Scandinavia, Day 9: Borgund

Travel by Adam on 2009-02-27 02:03

The viking age ended when the Norse people became part of Christendom. Since they no longer could build intimidating warships to go on raids of Christian monasteries, they turned to building churches. In this period they built in a style known as the stave church.

Like their other works, stave churches were built entirely of wood (a plentiful resource in the northlands). Some survive to this day - since they were in active use for the past 800 years, they were maintained against the damaging effects of age. Today I visited perhaps the most visually interesting one, the Borgund stave church.


Borgund Stave Church

This is a very striking structure, to say the least. It is clearly a Christian church, and yet, closer examination reveals the same style of Scandinavian animal art found on all the viking artifacts I’ve seen on my trip. The doorframes are carved with woven serpents:


…and the roof has ornaments that look like, without exactly being, dragon heads:


Finally, the sharply pointed shingles look much like reptilian scales. Taken all together, the entire building has a very serpentine feel - which is rather funny considering that the serpent is a symbol of evil in the northlander’s new religion. In fact, I’d say the church has a pretty evil look to it in general. Maybe the they hadn’t quite caught on to the vibe of their new god.

The roof ornaments, combined with the long narrow construction, also give the church a marked resemblance to the longships I saw in Roskilde and Oslo. I guess you can take the northman out of the dragonship, but you can’t take the dragonship out of the northman.


This stave church was built in 1180, about 100 years after the end of the viking age. Other stave churches are slightly older, but this one hasn’t had any significant restoration done (except for the freestanding bellfry, which is nearby, and not nearly as interesting as the main structure). So the structure you see is essentially unchanged since 800 years ago.

Stave churches are a symbol of Norway and Scandinvia in general, second only perhaps to the viking. Replicas of the Borgund church in particular have been built all over the world, including one in Epcot at Disneyworld. There was even one in Flåm, but it couldn’t hold a candle to the real thing:


The weathering on one side is very attractive - the light-to-dark gradient makes it look a bit as if it is glowing, a rather magical effect.


The other side is dark, nearly black - deeply weathered, but probably closer to what the building looked like when it was younger. My theory on this is that the darker side faces a nearby peak which keeps it in shade most of the day, whereas the lighter side gets a few hours of afternoon sun every day.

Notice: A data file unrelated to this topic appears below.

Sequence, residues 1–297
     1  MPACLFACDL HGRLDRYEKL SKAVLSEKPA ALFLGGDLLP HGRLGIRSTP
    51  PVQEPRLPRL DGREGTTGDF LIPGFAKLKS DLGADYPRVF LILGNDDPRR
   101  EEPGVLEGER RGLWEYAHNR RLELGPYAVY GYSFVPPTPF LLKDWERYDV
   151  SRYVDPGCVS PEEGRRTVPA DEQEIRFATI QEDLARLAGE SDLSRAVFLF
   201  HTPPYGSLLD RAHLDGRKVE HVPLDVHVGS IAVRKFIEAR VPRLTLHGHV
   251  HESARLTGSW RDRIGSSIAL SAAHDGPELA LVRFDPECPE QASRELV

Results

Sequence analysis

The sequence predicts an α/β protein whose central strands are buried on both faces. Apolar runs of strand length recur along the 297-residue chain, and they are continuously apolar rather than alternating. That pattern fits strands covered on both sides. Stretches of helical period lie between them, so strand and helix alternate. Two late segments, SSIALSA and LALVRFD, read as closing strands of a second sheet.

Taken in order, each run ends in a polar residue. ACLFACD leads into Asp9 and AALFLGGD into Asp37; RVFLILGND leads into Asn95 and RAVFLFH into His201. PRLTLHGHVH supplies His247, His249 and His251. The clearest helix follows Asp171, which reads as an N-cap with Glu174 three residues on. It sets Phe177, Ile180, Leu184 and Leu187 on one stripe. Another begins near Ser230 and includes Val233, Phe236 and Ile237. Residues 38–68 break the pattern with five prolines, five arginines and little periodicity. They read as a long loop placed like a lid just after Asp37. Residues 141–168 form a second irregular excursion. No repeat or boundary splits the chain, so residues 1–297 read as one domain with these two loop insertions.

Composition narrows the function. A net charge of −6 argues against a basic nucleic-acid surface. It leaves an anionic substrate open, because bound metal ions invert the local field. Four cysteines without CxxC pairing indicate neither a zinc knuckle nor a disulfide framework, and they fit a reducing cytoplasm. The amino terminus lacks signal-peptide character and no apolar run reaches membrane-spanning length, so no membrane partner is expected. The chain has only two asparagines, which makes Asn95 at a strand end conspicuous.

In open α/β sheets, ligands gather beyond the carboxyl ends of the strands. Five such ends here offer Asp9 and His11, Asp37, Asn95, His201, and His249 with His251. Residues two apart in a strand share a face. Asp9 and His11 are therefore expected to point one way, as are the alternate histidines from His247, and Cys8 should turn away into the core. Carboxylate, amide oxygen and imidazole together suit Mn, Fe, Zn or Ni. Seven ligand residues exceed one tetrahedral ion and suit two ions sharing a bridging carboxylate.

Ice and Rocks

I wandered down the road the church was on - which I later learned was Vindhella, one of the old fjord roads prior to the construction of the E16. Here I got the chance to see an up-close view of some of the frozen waterfall-like structures that I had seen throughout the fjord valley.


One of them had a different color, blueish instead of white. When I took a closer look I realized that this was because it was several feet thick - enough to give it the glacial tinge of blue.

Glacial blue


On the way to Borgund, I encountered a sign which said something about a tunnel coming up in 24 km. “That’s odd,” I thought. “Why would they tell me about a tunnel in 24 kilometers? Especially when there’s one right here?” After entering the tunnel and driving for a while, it dawned on me: the sign was saying that this tunnel was going to be 24 km long. I had just entered Lærdalstunnelen, the longest road tunnel in the world.


The tunnel can be trance-inducing with the unchanging uniformity of rock walls speeding past, so the builders included three equally-spaced chambers with interesting blue lights and ceiling trussing. I stopped at the one in the absolute center, to ponder the significance of being in the center of a moutain. (”Journey to the Center of the Earth” was one of my favorite books as a kid.)

Once out of the car, I felt and heard a deep thrum that filled the cavern. I assumed at the time that it was the accumulated sound of all the vehicles traveling down its length, like a giant sonic canon. That may be it, but this page talks about the numerous heavy-duty fans necessary to keep the shaft ventilated, so it may be that that was what I was hearing. In any case, it was a surprisingly surreal experience, standing in this blue-lit cavern beneath a mountain and feeling this mysterious deep vibration.

Expenses: $330. $130 hotel, $100 car rental, $20 gas, $80 food.

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One comment per 'Scandinavia, Day 9: Borgund'

  1. Jedi Wright says:

    Simply amazing: from the stave church, to their ships, to their origin, the countryside…everything is simply breathtaking there. What an amazing trip that must be.

    It’s been great following your journey. Thanks for sharing!

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